On Friday in Houston, the Basketball Hall of Fame announced the finalists who will vie to enter its hallowed halls when the official entrants are announced in April at the Final Four. Among the notable names in the finalists include Sonics point guard Gary Payton, New York Knicks legend Bernard King, former Kentucky coach Rick Pitino and legendary UNLV coach Jerry Tarkanian. The other two wings of the Warriors' Run TMC crew, Mitch Richmond and Tim Hardaway, are also among the finalists.
This is an incredibly accomplished group and there will be some debate for some of them. But all the finalists are incredibly skilled players and are worthy of at least the discussion of entrance into the Hall in Springfield.
Here are the finalists and a brief description and highlights of a selection of the finalists:
Gary Payton: Payton was one of the best point guards of the 1990s, earning the nickname "The Glove" for his ability to hold and prevent opposing point guards from scoring or initiating their offense. He was a nine-time All Star and the 1996 Defensive Player of the Year. Payton was a constant presence on All-Defensive and All-NBA teams throughout his career, mostly with the Sonics. He averaged 16.3 points and 6.7 assists per game, scoring 21,813 points in his 17-year career.
Tim Hardaway: Hardaway made the crossover cool. He was breaking ankles and using speed at the point guard position to score in ways that had rarely been done before. Even though his Warriors never did win much, the crew of Hardaway, Mitch Richmond and Chris Mullin — Run TMC — revolutionized fast break basketball and became an instant hit with fans across the league. He was a five-time NBA All Star and was an All-NBA First Team player with the Heat in 1997. He averaged 17.7 points per game and 8.2 assists per game.
Bernard King: King is one of the legends of NBA scorers. The guy did one thing and did it well. King's performances with the Knicks, Nets and Bullets were legendary. He averaged 22.5 points per game during his career including a league-best 32.5 points per game in 1985. He was a four-time All Star as injuries kept him from realizing his full potential.
Mitch Richmond: Richmond was a great all-around player and scorer who filled the final third of the Warriors' famous Run TMC. He averaged 21.0 points per game in his long career with the Warriors, Kings and Wizards. He scored better than 20 points per game in each of his first 10 seasons, a stretch that included six All Star appearances including the 1995 All-Star Game MVP in Phoenix. The big knock on him was the unfortunate circumstance that he did not play for many good teams. He made the Playoffs just four times in his career, playing in 23 Playoff games. This makes him one of the forgotten stars of the 1990s.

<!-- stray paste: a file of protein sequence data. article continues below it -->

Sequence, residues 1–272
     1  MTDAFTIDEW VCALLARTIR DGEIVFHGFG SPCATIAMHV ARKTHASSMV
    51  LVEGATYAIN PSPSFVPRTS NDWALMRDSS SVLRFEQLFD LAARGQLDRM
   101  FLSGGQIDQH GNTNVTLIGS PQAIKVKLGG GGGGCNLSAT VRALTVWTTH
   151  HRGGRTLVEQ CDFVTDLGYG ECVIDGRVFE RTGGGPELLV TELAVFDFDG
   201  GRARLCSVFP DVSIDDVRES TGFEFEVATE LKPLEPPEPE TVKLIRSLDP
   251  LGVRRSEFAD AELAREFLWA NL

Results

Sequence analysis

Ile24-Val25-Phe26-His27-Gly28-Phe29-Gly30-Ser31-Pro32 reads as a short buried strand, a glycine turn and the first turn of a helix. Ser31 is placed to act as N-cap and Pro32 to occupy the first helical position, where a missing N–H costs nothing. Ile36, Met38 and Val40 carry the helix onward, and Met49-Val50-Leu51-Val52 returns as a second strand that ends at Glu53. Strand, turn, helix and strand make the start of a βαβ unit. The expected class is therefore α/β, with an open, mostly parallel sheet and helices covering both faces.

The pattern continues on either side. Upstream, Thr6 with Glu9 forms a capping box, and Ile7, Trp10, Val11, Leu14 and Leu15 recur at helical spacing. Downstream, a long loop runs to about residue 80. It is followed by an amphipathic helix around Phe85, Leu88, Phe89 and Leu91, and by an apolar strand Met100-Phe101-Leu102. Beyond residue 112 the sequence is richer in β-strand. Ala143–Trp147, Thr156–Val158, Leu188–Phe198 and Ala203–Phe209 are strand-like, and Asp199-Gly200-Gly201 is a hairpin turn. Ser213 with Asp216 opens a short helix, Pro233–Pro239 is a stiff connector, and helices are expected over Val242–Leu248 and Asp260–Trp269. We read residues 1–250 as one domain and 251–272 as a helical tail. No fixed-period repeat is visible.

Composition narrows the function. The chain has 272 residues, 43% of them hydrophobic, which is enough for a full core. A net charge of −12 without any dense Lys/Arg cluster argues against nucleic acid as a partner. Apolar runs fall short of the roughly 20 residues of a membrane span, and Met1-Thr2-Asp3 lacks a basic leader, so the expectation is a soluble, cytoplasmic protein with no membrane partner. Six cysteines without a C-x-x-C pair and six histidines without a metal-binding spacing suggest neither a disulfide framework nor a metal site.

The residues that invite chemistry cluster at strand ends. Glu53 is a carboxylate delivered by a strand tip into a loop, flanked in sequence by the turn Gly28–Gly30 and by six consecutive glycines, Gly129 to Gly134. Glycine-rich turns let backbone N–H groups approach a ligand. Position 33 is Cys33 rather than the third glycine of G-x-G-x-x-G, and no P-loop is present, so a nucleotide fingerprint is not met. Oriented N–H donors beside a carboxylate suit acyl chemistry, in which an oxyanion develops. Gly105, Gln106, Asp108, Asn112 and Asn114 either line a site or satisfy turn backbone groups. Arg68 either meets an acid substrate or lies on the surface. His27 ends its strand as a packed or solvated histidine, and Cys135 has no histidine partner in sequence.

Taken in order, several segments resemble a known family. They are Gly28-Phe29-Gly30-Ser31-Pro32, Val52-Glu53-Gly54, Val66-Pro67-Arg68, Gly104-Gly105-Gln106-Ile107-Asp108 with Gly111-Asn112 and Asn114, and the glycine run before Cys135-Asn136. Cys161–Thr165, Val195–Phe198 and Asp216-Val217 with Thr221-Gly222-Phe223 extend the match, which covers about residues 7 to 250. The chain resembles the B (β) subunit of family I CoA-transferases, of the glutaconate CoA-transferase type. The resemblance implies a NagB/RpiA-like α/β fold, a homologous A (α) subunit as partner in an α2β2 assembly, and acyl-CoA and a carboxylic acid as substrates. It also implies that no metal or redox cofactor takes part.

Maurice Cheeks: Cheeks was often overshadowed by his teammates like Julius Erving and Moses Malone, however Cheeks was a great player in his own right however. He went to four All-Star Games including three straight from 1986-1988. He was a four-time First Team All-Defensive player and helped Philadelphia win the 1983 title on the "Fo' Fo' Fo'" team. Cheeks was always a consistent player, although never a star in his own right.
Spencer Haywood: Haywood hit the scene in the ABA, leading the high-scoring league with 30.0 points per game in his rookie season in 1970. He went on to average at least 20.0 points per game in his first six seasons. He averaged 20.3 points per game across his ABA and NBA career. He played for the Sonics and Knicks in his career. He was a four-time All Star and the ABA MVP in 1970.
Dawn Staley (Women's Basketball): Staley was one of the founding stars of the WNBA, joining the league in 1999 (two years after it started). She scored 2,226 points in nine seasons, averaging 8.5 points per game and 5.1 assists per game. She was a member of the WNBA's All-Decade Team for the first 10 years of the league. Staley was a three-time gold medalist for the U.S. Olympic team. She never won a WNBA title and her stats were never overly impressive. But her leadership and her play were key in helping grow the infant league.